LSLL Majors 2018

Softball and other youth athletics are a mainstay in Coastal Delaware, but tournament play has been canceled this summer, and state health and athletics officials have issued new guidelines to try to keep play safe for all concerned. Pictured above, the 2018 Lower Sussex Little League Major League Softball team, which won the state championship and went on to the World Series that year.

The South Bethany Beach Patrol, Cripple Creek Golf & Country Club and Lower Sussex Little League all announced earlier this week that, due to the ongoing state-of-emergency and COVID-19 requirements, they would be canceling their summer programs this year.

For the South Bethany Beach Patrol, it was their Junior Lifeguard program that has been affected, while all the Junior Golf Camps would be shuttered for 2020 at Cripple Creek. At LSLL, upon reviewing the guidelines put in place by Little League International and the State of Delaware, they decided to cancel their entire season as well.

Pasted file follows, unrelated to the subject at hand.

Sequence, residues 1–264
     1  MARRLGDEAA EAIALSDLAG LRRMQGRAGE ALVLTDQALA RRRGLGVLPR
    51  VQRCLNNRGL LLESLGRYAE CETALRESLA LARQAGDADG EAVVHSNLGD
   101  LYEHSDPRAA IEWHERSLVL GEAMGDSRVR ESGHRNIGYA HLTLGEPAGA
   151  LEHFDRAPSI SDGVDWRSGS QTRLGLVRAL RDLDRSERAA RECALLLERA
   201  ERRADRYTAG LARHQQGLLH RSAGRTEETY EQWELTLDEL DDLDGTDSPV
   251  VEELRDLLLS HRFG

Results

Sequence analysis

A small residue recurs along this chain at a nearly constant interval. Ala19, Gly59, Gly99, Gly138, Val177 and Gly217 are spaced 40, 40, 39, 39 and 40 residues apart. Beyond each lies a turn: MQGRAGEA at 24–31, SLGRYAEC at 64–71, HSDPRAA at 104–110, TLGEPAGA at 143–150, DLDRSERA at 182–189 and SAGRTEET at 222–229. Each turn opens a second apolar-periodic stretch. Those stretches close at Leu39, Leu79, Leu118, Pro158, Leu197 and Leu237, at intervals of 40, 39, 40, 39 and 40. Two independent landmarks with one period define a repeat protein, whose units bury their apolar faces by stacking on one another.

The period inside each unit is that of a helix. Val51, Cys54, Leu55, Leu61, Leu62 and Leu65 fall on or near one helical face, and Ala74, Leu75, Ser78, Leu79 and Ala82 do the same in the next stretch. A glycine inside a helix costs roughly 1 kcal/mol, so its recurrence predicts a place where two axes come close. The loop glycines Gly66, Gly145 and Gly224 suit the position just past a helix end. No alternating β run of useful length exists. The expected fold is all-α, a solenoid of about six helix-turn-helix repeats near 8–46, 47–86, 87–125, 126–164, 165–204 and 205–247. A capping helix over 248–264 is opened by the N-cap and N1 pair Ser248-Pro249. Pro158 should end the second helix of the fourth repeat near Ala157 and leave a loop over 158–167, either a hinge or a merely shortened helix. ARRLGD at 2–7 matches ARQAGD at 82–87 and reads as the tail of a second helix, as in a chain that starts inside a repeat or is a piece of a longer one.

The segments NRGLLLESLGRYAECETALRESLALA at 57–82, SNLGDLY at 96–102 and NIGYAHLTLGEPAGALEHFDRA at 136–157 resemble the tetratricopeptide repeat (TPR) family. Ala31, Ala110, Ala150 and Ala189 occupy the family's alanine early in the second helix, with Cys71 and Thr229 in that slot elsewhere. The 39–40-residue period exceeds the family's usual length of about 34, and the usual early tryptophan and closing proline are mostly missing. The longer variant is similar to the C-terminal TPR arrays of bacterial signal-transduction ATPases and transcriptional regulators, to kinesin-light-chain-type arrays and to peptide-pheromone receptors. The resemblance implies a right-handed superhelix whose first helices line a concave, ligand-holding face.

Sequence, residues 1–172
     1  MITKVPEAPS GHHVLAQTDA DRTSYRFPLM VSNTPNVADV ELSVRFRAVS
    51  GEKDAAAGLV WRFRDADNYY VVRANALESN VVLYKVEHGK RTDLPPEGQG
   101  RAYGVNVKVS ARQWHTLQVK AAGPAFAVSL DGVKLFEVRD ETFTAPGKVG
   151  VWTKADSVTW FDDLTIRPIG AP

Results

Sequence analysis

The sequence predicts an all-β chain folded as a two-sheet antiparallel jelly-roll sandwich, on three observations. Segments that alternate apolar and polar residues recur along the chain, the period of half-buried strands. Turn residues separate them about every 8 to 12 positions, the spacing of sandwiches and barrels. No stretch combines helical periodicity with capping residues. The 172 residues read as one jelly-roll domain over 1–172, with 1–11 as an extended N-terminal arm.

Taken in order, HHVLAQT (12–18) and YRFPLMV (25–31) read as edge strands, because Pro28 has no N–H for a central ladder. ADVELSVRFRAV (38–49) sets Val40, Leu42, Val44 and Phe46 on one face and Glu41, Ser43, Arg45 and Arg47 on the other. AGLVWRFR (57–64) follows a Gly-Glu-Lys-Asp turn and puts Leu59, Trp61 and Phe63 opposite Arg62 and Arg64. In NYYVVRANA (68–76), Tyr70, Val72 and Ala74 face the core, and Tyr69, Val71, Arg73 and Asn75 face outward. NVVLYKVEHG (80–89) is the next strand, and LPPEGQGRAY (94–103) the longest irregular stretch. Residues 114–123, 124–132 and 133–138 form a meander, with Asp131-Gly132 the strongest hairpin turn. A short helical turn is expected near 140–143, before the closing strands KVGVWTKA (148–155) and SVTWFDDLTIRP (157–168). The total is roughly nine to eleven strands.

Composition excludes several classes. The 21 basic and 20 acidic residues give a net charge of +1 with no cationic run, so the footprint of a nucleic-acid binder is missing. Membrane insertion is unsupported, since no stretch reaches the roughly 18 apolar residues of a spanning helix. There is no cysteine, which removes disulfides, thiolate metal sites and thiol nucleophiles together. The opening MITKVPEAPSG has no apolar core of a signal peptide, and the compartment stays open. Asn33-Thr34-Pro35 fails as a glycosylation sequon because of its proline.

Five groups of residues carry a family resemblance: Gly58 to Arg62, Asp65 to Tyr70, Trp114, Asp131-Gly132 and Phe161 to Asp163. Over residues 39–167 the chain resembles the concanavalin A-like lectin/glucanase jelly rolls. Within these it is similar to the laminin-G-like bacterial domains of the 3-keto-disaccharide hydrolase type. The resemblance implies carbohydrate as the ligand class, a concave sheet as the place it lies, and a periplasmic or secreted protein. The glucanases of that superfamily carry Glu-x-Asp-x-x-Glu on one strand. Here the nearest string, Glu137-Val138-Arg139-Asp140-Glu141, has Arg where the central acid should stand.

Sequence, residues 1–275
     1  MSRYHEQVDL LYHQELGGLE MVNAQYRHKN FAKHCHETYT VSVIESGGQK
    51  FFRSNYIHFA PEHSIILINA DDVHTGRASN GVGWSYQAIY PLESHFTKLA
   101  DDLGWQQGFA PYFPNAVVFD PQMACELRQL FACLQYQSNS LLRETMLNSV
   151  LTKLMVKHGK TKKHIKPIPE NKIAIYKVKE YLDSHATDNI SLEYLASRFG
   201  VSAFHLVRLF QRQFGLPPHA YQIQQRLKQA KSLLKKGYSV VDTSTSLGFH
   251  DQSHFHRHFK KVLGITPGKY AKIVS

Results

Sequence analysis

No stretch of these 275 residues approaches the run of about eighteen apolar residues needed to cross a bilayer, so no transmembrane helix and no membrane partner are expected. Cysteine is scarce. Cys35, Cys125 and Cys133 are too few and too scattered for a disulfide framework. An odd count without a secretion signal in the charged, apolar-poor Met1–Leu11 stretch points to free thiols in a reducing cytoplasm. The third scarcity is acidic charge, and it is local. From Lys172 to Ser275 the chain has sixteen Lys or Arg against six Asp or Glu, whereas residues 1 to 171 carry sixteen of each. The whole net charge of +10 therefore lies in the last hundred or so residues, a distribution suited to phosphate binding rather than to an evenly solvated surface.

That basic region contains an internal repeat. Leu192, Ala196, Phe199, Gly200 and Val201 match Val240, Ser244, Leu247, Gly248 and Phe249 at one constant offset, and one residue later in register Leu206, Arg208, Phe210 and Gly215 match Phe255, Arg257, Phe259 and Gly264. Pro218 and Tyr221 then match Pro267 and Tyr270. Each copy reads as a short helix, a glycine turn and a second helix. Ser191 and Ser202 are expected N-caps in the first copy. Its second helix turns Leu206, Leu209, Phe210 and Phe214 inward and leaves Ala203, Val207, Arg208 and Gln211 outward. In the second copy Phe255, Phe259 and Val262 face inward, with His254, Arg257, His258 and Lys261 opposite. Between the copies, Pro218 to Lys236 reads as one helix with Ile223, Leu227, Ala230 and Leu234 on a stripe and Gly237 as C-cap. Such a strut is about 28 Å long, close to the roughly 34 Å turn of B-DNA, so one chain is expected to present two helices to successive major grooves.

With the State having entered Phase 2 of its economic reopening on June 15, many of the restrictions still in place make hosting these camps and leagues extremely difficult.

“We cannot justify having a season that could potentially put our players, coaches, volunteers and families at risk,” said the LSLL Board of Directors in a post on their Facebook page.

“LSLL is 100% non-profit and run by volunteers. Each year, your registration fees go towards the upkeep of our facility, equipment, maintenance, and utilities. We had begun prepping the fields for a possible season. In these uncertain times, if you are able to donate your registration fee to help with expenses, please let us know, and we would be happy to give you a letter for tax purposes.

“For those of you that would like a refund,” they continued, “please send an email to with the following information: Child’s name, parent name, address and a phone number where you can be contacted. We will be mailing out checks. We will give our families until June 30 for their decision. “If there is no request for a refund made, we will consider your fee a donation. Refunds will take up to 14 days to process. You must send an email to receive a refund, requests through social media will not accepted.